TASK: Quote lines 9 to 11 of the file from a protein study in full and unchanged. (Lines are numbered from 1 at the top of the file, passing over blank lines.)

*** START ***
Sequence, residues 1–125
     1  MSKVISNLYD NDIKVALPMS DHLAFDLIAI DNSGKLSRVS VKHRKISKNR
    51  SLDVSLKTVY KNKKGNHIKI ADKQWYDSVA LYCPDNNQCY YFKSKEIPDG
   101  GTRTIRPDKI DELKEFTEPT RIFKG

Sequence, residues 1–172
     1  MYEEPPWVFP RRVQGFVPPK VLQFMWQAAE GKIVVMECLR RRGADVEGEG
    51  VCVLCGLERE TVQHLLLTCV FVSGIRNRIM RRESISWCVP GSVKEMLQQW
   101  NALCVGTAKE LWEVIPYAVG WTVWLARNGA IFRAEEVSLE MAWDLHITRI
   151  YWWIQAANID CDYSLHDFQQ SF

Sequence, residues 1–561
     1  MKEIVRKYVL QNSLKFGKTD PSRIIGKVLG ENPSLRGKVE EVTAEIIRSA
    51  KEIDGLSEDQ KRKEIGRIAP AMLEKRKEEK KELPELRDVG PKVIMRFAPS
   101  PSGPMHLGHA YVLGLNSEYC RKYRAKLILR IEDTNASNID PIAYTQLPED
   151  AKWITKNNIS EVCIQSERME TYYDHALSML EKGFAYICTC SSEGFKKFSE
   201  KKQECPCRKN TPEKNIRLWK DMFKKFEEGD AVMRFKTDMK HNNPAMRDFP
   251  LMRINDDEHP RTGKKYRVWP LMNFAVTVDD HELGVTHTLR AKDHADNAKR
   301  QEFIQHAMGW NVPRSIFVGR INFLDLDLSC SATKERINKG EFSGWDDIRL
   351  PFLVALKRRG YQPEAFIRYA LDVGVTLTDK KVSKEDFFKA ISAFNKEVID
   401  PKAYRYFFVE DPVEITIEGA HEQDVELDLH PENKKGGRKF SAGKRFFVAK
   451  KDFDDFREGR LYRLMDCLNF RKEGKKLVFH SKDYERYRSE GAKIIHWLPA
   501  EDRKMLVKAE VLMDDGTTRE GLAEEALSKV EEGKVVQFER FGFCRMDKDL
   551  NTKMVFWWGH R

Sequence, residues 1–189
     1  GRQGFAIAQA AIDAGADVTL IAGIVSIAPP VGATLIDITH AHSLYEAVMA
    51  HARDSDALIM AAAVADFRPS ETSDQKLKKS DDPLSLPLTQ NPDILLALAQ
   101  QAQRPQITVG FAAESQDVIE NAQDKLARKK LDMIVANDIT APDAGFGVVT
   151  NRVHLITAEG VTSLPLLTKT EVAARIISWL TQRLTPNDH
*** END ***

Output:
   151  YWWIQAANID CDYSLHDFQQ SF

Sequence, residues 1–561
     1  MKEIVRKYVL QNSLKFGKTD PSRIIGKVLG ENPSLRGKVE EVTAEIIRSA